In China, the most commonly used vaccines for both primary and booster immunization against COVID-19 are inactivated vaccines produced by the China National Biotec Group and Sinovac Biotech. Inactivated vaccines are prepared by cultivating SARS-CoV-2 in vitro to render the virus noninfectious while preserving its antigenicity. Although homologous boosting is generally considered a standard practice, heterologous regimens have been proposed as a COVID-19 vaccine strategy to elicit stronger and broader, or longer-lasting, immunity [17,18]. A recombinant COVID-19 vaccine using adenovirus type 5 as a vector for inhalation was developed by CanSino Biologics (inhalant Ad5-nCoV). Ad5-nCoV inhalation involves the recombination of the spike glycoprotein gene of SARS-CoV-2 into the replication-deficient human type 5 adenovirus gene, which induces an immune response in the body. This inhalant is easy to administer and can stimulate mucosal immunity. In a previous phase 1 trial, Ad5-nCoV inhalation was found to be well tolerated. Further, compared with intramuscular vaccination, aerosol vaccination could trigger a higher ratio of neutralizing antibodies to total antibodies [19].

Few real-world studies have demonstrated the effect of a fourth dose of heterologous booster on Omicron, especially using inhalation vaccines. Here, we aimed to reveal the immunogenicity and persistence of the primary booster dose and the real-world immune effect of the secondary inhalation booster to assess immunogenicity and persistence and prevent sequelae of booster administration in the real world.

Study Design


A bidirectional cohort was established to investigate the efficacy of booster administration between September 21, 2022, and January 30, 2023, in Guiyang City, Guizhou Province, China. The cohort was retrospectively tracked to determine the effect and durability of primary booster administration and prospectively followed up to assess the immunogenicity and real-world protective effect of secondary booster heterologous immunization, with the time of receiving the second booster as the node.

Retrospective Study

Blood samples were collected from individuals for antibody testing at the time of enrollment. A questionnaire covering basic characteristics and immunization programs was required to evaluate the durability and effectiveness of the third booster dose.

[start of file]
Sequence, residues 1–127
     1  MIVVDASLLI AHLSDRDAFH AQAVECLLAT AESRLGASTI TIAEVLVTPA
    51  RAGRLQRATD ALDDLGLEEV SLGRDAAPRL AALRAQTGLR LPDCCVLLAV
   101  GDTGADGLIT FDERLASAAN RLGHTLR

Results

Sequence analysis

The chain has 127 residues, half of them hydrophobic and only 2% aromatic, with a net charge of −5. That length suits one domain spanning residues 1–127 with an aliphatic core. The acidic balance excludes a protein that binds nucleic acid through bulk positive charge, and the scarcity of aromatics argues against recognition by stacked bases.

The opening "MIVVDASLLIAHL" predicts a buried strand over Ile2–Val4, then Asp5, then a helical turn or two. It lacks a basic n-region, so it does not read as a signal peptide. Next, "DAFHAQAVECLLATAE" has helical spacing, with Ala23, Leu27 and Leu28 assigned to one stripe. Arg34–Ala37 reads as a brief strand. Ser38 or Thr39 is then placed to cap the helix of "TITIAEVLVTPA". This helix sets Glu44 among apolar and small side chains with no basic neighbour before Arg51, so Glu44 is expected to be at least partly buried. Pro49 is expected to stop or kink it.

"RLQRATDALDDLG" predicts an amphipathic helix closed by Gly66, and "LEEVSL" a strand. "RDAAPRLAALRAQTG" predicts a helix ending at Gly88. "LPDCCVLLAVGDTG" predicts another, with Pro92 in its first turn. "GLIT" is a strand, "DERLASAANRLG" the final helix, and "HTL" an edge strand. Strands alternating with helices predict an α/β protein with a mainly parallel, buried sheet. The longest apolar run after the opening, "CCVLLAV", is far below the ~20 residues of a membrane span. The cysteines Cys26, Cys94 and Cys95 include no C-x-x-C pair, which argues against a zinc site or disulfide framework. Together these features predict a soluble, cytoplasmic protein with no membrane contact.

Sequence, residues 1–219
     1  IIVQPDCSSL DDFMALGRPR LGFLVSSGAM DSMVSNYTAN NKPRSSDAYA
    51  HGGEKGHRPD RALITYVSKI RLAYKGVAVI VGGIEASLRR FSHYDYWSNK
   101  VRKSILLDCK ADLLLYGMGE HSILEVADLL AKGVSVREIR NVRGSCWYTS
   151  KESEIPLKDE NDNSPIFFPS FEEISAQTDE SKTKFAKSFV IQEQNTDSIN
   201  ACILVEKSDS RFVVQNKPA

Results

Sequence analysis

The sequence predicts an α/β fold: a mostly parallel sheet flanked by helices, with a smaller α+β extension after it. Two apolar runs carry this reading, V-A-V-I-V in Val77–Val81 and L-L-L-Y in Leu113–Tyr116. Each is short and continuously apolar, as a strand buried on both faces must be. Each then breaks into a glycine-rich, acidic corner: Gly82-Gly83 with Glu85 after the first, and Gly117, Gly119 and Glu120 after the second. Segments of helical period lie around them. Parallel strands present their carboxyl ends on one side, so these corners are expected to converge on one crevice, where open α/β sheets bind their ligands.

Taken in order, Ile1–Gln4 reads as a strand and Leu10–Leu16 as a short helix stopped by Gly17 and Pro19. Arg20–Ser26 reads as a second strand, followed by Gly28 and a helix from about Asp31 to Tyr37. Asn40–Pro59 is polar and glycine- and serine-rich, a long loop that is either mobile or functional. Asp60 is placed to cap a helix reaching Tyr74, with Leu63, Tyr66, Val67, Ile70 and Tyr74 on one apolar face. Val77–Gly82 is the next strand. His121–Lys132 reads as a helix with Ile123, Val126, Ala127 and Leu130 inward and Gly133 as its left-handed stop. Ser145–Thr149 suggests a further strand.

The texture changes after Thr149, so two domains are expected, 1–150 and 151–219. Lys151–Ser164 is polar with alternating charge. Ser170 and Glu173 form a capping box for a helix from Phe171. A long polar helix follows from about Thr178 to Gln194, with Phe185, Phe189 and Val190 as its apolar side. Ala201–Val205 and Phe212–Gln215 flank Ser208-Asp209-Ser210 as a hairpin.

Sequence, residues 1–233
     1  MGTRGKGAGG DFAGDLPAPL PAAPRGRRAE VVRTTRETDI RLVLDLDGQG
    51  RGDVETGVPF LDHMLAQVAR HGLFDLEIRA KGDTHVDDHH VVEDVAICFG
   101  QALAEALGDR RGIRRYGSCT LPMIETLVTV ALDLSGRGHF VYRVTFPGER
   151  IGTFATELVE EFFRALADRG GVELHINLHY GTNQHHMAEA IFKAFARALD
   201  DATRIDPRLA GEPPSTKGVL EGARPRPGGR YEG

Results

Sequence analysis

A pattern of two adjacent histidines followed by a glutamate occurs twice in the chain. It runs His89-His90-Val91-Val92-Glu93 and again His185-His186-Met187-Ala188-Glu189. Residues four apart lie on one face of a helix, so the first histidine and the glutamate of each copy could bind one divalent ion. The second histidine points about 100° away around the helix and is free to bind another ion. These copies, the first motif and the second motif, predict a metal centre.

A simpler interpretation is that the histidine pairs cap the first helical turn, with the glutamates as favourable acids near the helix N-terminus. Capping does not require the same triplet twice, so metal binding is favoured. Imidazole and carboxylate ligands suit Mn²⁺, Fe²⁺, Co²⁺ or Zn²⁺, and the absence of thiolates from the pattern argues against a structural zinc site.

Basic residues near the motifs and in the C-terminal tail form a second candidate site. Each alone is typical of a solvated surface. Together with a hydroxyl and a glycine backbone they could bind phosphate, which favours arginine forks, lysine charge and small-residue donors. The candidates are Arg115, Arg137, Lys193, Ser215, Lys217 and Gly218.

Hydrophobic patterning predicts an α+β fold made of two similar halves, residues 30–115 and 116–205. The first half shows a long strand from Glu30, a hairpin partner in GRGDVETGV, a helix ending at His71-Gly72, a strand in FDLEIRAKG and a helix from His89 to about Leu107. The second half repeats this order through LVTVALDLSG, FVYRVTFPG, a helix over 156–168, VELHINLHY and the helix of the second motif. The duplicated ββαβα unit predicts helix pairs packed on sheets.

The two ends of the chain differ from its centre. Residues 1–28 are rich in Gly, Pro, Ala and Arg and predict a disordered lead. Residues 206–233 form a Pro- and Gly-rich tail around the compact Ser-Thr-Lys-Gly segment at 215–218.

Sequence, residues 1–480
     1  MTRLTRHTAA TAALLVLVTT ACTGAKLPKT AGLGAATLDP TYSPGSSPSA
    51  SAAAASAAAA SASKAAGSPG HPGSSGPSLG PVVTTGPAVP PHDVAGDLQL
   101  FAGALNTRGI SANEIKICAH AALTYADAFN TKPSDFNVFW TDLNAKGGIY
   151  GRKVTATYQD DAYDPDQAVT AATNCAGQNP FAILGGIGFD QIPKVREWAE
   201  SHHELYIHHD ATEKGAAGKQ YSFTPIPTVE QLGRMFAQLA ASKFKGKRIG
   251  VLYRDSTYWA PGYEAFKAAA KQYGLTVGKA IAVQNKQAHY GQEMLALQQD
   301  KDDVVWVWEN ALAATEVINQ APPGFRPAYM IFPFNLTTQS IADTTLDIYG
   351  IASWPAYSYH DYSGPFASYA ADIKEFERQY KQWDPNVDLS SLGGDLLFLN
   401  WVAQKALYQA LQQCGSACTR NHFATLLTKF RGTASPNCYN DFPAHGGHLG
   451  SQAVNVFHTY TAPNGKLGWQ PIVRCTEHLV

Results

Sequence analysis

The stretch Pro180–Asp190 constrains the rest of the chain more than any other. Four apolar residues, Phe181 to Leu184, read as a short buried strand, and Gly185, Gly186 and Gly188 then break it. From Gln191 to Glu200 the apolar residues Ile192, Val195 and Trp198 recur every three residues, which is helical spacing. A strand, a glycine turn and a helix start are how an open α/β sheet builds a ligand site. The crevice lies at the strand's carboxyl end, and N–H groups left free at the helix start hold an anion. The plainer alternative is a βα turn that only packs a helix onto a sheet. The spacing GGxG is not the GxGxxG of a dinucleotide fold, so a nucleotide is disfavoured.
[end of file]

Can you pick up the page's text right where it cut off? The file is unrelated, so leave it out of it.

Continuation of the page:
Secondary Booster Administration

All enrolled individuals received the inhalant, Ad5-nCoV, as part of a secondary booster immunization program (the fourth dose).

Prospective Study

About 4 weeks (21-35 days) after receiving the second booster dose, blood samples were collected for antibody testing. After about 16 weeks (84-140 days), information on the infection and sequelae of COVID-19 was collected from participants through follow-up phone calls.


Participants were recruited by the Guizhou Center for Disease Control and Prevention. These individuals were aged 18 years or older and had received 3 doses of the COVID-19 vaccine before 6 months or above. The main exclusion criteria were individuals with a history of clinically or laboratory-confirmed COVID-19 or SARS-CoV-2 infection within the first 6 months of enrollment, a history of vaccination (any administration, including COVID-19 baseline or booster dose) within the first 6 months of enrollment, or an allergy to any component of the vaccine.


Individuals from Guanshanhu District, Qingzhen City, and Baiyun District of Guiyang City were recruited for this study. All individuals completed the basic and primary booster immunization procedures with the inactivated vaccine from the China National Biotec Group or Sinovac Biotech.

Eligible participants received 1 dose of inhalant Ad5-nCoV (0.1 mL per dose) through a specific atomization device. Venous blood samples (5 mL) were collected before inhalation and 28 days after inhalation to detect immunoglobulin G (IgG) and immunoglobulin A (IgA) antibodies against SARS-CoV-2 in serum. Antibody detection was performed by the receptor-binding domain antibody test kit produced by Vazyme Biotech Co Ltd. The kit detects receptor-binding domains IgA and IgG antibodies against SARS-CoV-2 that are produced during incubation through an indirect enzyme-linked immunosorbent assay (ELISA). After processing and color development, the absorbance of the sample was measured at a wavelength of 450 nm. The absorbance of the sample was positively correlated with the antibody titers.

Survey Tool

Telephone follow-up was conducted with the participants to assess their status and the timing of contracting SARS-CoV-2 after inhalation and evaluate the persistent symptoms of post–COVID-19 using a scale. The scale comprised 49 items and was used to assess the severity of the post–COVID-19 impact using 8 indicators: fatigue, shortness of breath, brain fog, impaired coordination, physical pain, impaired sleep quality, depression, and impaired quality of life. These indicators were selected based on the common symptoms of post–COVID-19 condition (PCC), that is, a set of signs and symptoms that emerge during or after an infection consistent with COVID-19 and are not explained by an alternative diagnosis [20].